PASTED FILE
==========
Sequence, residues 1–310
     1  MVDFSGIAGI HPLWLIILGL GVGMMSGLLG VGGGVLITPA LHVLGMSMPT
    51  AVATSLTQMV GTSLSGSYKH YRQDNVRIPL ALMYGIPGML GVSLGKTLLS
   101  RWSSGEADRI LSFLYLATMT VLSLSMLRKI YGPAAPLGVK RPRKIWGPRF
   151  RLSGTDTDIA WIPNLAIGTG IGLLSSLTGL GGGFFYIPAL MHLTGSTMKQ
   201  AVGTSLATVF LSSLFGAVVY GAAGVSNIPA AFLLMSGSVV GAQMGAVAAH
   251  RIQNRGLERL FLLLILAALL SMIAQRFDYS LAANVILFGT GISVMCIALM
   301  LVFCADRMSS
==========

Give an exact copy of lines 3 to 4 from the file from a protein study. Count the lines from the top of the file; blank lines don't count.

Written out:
    51  AVATSLTQMV GTSLSGSYKH YRQDNVRIPL ALMYGIPGML GVSLGKTLLS
   101  RWSSGEADRI LSFLYLATMT VLSLSMLRKI YGPAAPLGVK RPRKIWGPRF